Rise of Industry
Supply and demand in this strategic tycoon sim
Success is about figuring out what other people want, not what you want
Rise of Industry reminds me why I’m not an entrepreneur. Seconds after learning I could open both wineries and distilleries, I devised a ‘perfect’ plan to devote two different towns on one map to wine and whiskey production respectively. ‘The Battle of the Booze’, I called it. No one on the map actually seemed interested in spirits based on the tooltips scattered across the map, but I shrugged it off. If I just built it, I figured, they would come. I blame it on growing up in the ’90s. Take a moment to marvel at my well-intentioned hubris. RiseofIndustry is an attractive sim that covers both logistics and production, so I went all out. I built my distillery, of course, and I also built farms and water siphons. I even built glassworks to make the bottles and sand pits to make the glass itself. I was pumping in money by the millions, convinced that the appeal of my product would be enough for the AI to open some shops to meet the demand.
And for what? The town I’d chosen for my experiment might as well have been a convent. No stores wanted my exquisite spirits. The Battle of the Booze was a bust. Don’t follow your dreams, kids.
Success, RiseofIndustry tells us, is all about figuring out what other people want, not what you want. It makes this clear from the moment you generate a new location with Quick Start or whip up a custom one, unveiling a hamlet-dotted prairie ripe for early 20th century capitalist exploitation. It’s about studying the tooltips for the randomly generated scattered buildings and discovering your neighbors have the hots for orange juice and orange soda rather than exquisitely packaged 90-proof rye. Profits and smarter decisions followed almost immediately after I plopped down an orange orchard along the street. The modestly smart AI followed suit, opening a paper mill specializing in cartons nearby.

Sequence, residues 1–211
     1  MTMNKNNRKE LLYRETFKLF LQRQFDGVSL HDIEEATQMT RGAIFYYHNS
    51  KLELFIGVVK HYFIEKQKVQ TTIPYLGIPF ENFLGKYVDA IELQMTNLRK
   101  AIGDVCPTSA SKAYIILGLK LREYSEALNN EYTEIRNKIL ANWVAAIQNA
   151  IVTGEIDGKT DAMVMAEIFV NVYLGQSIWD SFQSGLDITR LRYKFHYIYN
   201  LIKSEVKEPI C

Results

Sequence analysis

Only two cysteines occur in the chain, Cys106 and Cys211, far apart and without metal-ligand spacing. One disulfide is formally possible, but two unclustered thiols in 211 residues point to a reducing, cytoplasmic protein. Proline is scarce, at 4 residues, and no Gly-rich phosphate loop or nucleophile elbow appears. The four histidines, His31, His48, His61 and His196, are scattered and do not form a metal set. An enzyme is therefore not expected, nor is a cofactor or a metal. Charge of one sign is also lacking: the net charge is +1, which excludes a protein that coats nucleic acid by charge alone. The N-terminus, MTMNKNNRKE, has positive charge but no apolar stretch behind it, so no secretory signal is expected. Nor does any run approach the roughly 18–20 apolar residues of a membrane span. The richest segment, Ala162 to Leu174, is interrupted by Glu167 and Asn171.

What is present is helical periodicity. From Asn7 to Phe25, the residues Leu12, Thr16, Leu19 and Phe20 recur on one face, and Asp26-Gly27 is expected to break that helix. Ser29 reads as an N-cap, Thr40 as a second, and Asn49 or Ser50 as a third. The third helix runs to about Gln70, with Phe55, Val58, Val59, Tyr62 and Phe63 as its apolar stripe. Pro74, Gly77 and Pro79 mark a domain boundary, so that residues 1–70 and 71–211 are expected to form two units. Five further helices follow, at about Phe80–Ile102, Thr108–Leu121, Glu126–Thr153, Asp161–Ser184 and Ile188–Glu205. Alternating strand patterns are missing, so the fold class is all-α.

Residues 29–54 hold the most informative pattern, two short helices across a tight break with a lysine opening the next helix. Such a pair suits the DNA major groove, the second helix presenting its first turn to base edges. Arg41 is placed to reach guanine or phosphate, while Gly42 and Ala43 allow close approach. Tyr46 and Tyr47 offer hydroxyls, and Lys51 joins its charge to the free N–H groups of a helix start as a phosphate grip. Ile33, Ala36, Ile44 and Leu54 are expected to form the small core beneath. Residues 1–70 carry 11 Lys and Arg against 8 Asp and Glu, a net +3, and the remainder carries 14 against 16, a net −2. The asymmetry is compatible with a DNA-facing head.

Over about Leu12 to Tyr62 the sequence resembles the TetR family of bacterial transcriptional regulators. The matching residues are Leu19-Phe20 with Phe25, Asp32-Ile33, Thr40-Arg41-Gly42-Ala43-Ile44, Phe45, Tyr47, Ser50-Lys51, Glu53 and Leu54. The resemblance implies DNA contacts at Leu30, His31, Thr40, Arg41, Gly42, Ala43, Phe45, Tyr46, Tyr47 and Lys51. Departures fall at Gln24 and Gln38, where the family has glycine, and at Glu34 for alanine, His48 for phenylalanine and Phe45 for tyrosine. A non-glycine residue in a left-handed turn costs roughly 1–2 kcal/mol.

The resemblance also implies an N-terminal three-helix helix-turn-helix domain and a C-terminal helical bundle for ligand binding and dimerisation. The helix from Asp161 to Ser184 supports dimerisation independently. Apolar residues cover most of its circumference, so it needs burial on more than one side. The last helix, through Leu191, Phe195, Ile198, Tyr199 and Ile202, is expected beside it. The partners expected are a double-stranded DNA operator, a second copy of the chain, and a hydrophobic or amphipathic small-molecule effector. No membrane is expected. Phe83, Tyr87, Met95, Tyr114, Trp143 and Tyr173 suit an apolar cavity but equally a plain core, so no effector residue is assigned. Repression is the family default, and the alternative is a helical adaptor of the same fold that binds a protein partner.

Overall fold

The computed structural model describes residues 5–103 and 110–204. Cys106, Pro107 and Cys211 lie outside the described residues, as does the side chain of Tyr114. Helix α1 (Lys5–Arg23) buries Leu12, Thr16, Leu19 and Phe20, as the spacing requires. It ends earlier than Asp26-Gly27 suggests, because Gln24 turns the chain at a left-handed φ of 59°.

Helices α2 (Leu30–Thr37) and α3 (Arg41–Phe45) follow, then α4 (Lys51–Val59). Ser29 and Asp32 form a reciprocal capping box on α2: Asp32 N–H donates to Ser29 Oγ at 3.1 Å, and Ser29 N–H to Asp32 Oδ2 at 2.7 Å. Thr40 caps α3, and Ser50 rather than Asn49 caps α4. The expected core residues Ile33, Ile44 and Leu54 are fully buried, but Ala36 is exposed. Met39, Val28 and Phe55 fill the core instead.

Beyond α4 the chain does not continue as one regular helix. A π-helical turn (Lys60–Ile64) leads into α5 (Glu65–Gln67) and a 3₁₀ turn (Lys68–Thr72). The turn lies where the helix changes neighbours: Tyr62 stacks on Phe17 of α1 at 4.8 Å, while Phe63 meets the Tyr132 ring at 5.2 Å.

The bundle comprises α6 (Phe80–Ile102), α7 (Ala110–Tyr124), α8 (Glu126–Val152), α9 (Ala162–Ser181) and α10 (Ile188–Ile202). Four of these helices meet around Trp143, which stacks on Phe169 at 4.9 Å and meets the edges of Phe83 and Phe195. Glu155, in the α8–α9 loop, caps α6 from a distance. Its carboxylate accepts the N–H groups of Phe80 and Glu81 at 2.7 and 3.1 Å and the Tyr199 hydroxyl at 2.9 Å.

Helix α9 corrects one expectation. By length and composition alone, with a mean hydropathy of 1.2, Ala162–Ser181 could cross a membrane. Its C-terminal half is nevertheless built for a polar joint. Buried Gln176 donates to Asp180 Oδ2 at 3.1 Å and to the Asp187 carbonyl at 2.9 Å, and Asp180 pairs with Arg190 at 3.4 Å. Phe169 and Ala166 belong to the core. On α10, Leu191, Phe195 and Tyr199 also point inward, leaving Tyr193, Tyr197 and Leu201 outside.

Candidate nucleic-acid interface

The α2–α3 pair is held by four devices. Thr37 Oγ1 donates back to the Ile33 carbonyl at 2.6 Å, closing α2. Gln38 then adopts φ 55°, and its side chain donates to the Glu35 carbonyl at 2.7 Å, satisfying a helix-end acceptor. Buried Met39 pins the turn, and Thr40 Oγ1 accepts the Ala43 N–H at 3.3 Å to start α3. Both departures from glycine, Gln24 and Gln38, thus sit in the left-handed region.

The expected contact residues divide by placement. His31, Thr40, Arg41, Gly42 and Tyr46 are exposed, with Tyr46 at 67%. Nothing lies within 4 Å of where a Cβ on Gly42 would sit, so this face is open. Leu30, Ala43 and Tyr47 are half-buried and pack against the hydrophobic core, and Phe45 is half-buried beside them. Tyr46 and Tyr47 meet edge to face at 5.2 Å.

Mapping it out
RiseofIndustry is a fairly deep production sim, offering control of the entire production line from raw resources (sand) to components (glass) and finally to products (bottles) and finished goods (bottled whiskey). You’ll want to lay your roads and railroads for optimal routes across a sprawling map, set up harvesters, build warehouses to handle the surplus, and micromanage the three destinations trucks are allowed to deliver goods to. Sometimes communities will tire of some product and prefer another, forcing you to adapt to their needs.
And, miraculously, this never got out of hand. The menus are informative and elegant, and the currently dry text-based tutorial barely feels needed. City planners in the real world could benefit from studying such elegant simplicity. That elegance extends to the scenery. RiseofIndustry features just enough realistic detail to make zooming in on my little whiskeyphobic towns a joy, and just enough abstraction that I never lost sight of how all my trade routes and operations fit together. It’s beautiful. At least in cartographic conception.
The sparse landscapes of Riseof Industry’s huge maps left me all too aware how quickly I was turning the Shire I’d started with into a Mordorscape of torn earth and rusted steel. I grew sad and rich in equal measure. The sight made me look forward to future updates, which will bring features like landscaping, terraforming, and pollution management.
All of which reminds me: As the green vanished under asphalt, as the roar of trucks increased, as the smoke thickened, I looked around and saw that shops wanting whiskey had finally started to pop up. Sign of the times, innit?
RiseofIndustry is usually focused on the ‘big picture’, but it’s got charm close up as well.
Pay attention to what people want. Folks here like orange soda.